Rieger syndrome


Also found in: Acronyms.

Rie·ger syn·drome

(rē'gĕr), [MIM*180500]
iridocorneal mesenchymal dysgenesis combined with hypodontia or anodontia and maxillary hypoplasia; autosomal dominant; there is a delayed sexual development and hypothyroidism.
See also: Rieger anomaly.

Axenfeld-Rieger syndrome

An autosomal dominant condition (OMIM:180500) characterised by hypodontia, defect of the anterior chamber of the eye, myotonic dystrophy and anal stenosis.

Molecular pathology
Type-1 Axenfield-Rieger syndrome is caused by a mutation in a homeobox transcription factor gene PITX2; a second type of A-R syndrome has a defect that maps to chomosome 14q13, RIEG2.

Rieger syndrome

Neonatology An AR condition characterized by hypodontia, defect of anterior chamber of eye, myotonic dystrophy, anal stenosis

Rie·ger syn·drome

(rē'ger sin'drōm)
Iridocorneal mesenchymal dysgenesis combined with hypodontia or anodontia and maxillary hypoplasia; autosomal dominant; delayed sexual development and hypothyroidism are also characteristic.

Rieger,

Herwigh, German ophthalmologist, 1898-1986.
Rieger anomaly - mesodermal dysgenesis of cornea and iris, producing pupillary anomalies, posterior embryotoxon, and secondary glaucoma. Synonym(s): iridocorneal mesodermal dysgenesis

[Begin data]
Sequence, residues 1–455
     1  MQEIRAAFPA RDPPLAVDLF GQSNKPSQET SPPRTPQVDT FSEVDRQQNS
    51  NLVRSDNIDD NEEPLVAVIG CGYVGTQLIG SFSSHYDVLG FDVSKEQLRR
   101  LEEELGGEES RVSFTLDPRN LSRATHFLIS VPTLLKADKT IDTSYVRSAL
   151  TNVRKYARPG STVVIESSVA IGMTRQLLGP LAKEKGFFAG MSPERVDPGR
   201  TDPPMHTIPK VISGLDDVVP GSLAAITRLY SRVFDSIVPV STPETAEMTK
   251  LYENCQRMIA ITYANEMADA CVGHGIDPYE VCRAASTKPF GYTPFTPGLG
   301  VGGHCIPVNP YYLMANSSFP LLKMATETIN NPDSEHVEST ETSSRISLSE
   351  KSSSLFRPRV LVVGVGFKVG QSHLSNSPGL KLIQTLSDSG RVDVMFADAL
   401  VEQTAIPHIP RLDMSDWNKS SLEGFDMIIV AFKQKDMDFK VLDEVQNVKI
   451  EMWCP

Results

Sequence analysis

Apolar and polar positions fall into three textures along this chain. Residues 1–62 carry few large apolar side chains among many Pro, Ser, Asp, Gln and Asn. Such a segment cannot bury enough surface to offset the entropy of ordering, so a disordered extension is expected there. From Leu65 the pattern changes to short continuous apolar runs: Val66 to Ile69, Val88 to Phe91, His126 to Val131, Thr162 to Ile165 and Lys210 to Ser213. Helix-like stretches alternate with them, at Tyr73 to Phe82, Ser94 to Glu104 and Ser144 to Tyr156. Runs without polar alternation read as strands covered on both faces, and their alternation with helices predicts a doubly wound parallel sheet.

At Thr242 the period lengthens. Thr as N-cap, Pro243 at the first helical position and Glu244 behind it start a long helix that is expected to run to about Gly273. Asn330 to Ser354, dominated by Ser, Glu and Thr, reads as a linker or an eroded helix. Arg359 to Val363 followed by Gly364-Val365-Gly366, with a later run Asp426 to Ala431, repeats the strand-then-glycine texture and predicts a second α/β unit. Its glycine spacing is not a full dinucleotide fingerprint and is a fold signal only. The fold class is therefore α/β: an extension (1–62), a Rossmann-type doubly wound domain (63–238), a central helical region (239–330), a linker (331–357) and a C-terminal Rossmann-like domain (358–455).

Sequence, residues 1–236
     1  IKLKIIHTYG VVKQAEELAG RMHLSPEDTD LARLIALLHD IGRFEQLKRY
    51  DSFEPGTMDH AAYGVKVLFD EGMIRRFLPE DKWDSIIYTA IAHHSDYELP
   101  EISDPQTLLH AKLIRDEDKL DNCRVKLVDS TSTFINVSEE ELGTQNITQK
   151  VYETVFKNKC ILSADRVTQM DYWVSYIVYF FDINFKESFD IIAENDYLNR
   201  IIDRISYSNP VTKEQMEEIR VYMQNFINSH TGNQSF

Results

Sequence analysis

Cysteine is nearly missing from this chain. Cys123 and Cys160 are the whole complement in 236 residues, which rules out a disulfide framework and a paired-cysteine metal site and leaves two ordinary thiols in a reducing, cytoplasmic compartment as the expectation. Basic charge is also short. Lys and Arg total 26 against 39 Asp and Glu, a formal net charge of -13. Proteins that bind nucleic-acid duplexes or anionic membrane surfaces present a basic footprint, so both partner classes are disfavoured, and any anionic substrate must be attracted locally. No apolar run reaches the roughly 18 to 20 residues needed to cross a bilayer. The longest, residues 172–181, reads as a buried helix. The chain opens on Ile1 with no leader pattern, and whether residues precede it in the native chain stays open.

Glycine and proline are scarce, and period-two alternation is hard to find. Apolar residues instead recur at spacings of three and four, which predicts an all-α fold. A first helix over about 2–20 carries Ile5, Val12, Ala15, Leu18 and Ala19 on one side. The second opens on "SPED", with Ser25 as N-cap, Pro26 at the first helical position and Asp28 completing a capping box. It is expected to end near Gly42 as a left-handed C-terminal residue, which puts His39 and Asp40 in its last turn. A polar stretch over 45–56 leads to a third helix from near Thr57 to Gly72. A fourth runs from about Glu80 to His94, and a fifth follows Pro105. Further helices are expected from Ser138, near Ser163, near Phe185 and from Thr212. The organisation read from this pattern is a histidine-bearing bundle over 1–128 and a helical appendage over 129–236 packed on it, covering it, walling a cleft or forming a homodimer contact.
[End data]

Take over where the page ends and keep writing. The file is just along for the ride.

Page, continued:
Rieger syndrome - Rieger anomaly combined with hypodontia or anodontia and maxillary hypoplasia.

Rie·ger syn·drome

(rē'ger sin'drōm) [MIM*180500]
Iridocorneal mesenchymal dysgenesis combined with hypodontia or anodontia and maxillary hypoplasia.
References in periodicals archive ?
Cloning and characterization of a novel bicoid-related homeobox transcription factor gene, RIEG, involved in Rieger syndrome. Nat Genet 1996; 14: 392-99.
Rieger syndrome (RS) is a rare, autosomal dominant condition with almost complete penetrance and variable expressivity.
His facial appearance and his dark coloured eyes suggested Rieger syndrome. He was also using glasses.
Based on information revealed in taking the medical history and clinical findings, he was further referred to an ophthalmologist who reported hypoplasia of the iris stroma and an asymmetric pupil, thereby confirming the tentative diagnosis of Rieger syndrome. His intraocular pressure is now being measured annually, as glaucoma is a common complication in this condition.
His mother suspected a diagnosis of Rieger syndrome in both herself and her son.
Clinical findings were consistent with the orofacial and dental symptoms of Rieger syndrome and the boy was referred to an ophthalmologist.
Dento-facial features may be the first recognizable symptoms of Rieger syndrome. As ocular complications can be prevented with early interventions, it is important that dentists have knowledge about this condition.
The clinical relevance of the findings varies; they may only be descriptive, such as a fissured tongue in Down syndrome, but in other cases missing teeth may represent an important finding in the diagnosis of ectodermal dysplasia, X-linked recessive, incontinentia pigmenti or Rieger syndrome. Brownish or opalescent baby teeth may be the first sign of osteogenesis imperfecta, while freckle-like spots on the lips may indicate intestinal polyposis, as in Peutz Jeghers syndrome.